City to turn riverbeds into gardens

By IAfrica
In Features
Jul 23rd, 2014
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By Albertina Nakale

WINDHOEK – In an attempt to tackle food insecurity within its boundaries, Windhoek plans to turn the many scattered riverbeds where criminals often hide into gardens to produce food for the needy.

Produce from such gardens will be availed to the city’s poor who find themselves at the receiving end of starvation.

The informal settlement population in Windhoek is growing at the rate of between 4 and 5 percent per year. The majority of this population are poor.

At this rate, the Windhoek City Council says, it has increasingly become difficult for residents to access food, housing and employment.

In an interview with New Era, Windhoek Mayor Agnes Kafula said she was optimistic that Windhoek has the potential for urban agriculture to alleviate the dire situation among informal dwellers who are faced by hunger and extreme poverty.

The mayor said Windhoek’s many perennial rivers have the potential for urban agriculture.

“These rivers are just ‘empty’ and we’ve experienced that the water flow during the rainy season only lasts for about a month. And most of the time during the year they are dry with bushes on their banks where criminals hide. We are saying, ‘why can’t we utilise these riverbeds to turn them into greens?’” Kafula noted.

 Further, she said such a initiative would create employment and chase away criminals hiding in the bushes.

“We have that potential to create green riverbeds where people can put up gardens and harvest vegetables for their consumption and selling  purposes,” she added.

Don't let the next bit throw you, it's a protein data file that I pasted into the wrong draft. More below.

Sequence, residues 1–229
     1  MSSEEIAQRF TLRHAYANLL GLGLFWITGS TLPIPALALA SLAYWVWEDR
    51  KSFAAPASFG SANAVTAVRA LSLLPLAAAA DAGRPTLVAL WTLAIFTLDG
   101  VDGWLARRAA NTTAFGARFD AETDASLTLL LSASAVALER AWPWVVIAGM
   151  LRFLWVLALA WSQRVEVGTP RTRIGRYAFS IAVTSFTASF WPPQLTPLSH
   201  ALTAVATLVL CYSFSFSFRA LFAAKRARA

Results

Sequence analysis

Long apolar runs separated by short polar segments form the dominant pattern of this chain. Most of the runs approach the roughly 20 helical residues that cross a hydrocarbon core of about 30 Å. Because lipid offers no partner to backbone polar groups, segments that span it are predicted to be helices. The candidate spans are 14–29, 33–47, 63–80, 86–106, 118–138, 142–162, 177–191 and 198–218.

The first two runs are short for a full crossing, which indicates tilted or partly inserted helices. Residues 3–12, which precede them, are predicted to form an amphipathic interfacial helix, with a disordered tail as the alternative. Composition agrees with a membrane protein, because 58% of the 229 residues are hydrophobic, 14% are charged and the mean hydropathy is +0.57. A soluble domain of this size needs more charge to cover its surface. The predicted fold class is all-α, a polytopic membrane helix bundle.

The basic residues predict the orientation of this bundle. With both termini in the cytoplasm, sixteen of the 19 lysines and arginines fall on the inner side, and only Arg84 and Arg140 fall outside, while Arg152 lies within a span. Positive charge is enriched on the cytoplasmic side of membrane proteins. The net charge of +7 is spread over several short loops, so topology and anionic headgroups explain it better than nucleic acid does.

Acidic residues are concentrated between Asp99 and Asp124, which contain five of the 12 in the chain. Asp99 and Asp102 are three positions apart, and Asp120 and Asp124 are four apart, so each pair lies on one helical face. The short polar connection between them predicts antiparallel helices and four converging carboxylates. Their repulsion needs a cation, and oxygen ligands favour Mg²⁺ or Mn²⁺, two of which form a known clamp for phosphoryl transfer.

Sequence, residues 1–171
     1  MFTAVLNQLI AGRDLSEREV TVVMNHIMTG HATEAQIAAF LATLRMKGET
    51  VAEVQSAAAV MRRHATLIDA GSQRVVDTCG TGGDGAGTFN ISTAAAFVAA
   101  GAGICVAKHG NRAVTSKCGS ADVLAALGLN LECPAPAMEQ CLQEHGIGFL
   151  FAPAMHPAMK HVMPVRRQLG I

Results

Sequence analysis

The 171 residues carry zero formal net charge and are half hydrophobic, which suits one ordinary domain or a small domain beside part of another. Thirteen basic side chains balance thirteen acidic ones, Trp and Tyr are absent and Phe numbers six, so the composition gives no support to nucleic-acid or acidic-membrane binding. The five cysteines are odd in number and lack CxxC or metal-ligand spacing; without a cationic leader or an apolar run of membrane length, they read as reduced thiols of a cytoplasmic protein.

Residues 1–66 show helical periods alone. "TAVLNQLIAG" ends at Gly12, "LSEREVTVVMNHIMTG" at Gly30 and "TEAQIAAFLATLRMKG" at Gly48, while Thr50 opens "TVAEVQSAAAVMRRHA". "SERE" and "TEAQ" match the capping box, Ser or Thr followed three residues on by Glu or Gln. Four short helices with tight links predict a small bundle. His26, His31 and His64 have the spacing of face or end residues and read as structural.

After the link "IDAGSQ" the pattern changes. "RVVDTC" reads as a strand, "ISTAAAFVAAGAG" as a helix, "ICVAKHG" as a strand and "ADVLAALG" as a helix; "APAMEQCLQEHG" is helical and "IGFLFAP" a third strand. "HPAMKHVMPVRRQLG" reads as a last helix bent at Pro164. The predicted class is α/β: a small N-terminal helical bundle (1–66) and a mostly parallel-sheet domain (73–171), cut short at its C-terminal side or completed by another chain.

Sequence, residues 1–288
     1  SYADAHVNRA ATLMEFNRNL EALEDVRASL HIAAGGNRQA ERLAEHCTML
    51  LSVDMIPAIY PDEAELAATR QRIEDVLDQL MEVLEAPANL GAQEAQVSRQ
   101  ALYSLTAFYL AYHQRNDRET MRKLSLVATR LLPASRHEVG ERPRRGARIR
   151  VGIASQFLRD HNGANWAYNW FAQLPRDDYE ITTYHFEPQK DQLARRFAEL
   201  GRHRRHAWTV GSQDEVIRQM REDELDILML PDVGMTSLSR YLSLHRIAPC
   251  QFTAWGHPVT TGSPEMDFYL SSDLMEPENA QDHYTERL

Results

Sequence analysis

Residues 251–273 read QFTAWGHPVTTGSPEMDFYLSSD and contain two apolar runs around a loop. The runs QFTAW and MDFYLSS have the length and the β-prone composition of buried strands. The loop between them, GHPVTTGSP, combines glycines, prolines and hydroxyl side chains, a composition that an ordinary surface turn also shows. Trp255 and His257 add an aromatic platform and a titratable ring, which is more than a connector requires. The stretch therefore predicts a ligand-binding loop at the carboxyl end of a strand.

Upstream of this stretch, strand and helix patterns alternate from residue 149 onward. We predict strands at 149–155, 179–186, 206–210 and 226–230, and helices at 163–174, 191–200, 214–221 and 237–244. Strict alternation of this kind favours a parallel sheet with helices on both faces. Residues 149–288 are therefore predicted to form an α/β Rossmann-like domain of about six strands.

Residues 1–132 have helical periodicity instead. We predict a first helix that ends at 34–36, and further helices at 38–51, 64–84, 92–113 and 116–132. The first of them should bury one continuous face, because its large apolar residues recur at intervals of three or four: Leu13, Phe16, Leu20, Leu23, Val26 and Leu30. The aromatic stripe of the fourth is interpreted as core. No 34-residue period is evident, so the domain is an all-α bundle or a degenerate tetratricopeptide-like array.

She also revealed that the Windhoek Municipality last year sold a piece of land to the Ministry of Agriculture, Water and Forestry to set up a produce hub in Wanaheda.

She said that once the gardens are establshed residents can take their produce to the hub for safekeeping or sale.

“It is on that basis that we feel if we turn these riverbeds into green areas we will be able to curb high unemployment in our city and people will have something in their pockets at the end of the day,” she reasoned.

Asked if such plans would not be costly, she said it might not be so costly because all that is needed is water for the gardens.

Since Monday, Windhoek has been hosting a three-day food and security workshop where international partners such as the United Nations Food and Agricultural Organisation (FAO), the World Future Council, the Resource Centre for Urban Agriculture and Forestry (RUAF) and delegates from Belo Horizonte in Brazil are in attendance to share their experiences and ideas on food security.

Regarding the envisaged gardens, she said the workshop is part of the initial preparation.

“Hopefully from recommendations we will forge the way forward and from next year will start with piloting. The Founding Father of the Nation, Dr Sam Nujoma, also has the idea to create such gardens along riverbeds. I hope he will also appreciate our ideas. He told me he had an idea of drilling boreholes to draw water for these gardens,” she disclosed.

 

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